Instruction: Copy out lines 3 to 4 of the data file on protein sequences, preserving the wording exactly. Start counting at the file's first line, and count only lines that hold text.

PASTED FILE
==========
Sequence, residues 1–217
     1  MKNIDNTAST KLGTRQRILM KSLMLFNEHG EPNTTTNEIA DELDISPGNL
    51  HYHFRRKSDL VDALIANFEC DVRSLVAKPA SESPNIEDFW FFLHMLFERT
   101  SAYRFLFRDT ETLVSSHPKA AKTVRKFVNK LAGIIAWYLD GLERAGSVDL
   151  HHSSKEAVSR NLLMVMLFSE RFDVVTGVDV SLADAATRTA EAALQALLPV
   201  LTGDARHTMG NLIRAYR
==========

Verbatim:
    51  HYHFRRKSDL VDALIANFEC DVRSLVAKPA SESPNIEDFW FFLHMLFERT
   101  SAYRFLFRDT ETLVSSHPKA AKTVRKFVNK LAGIIAWYLD GLERAGSVDL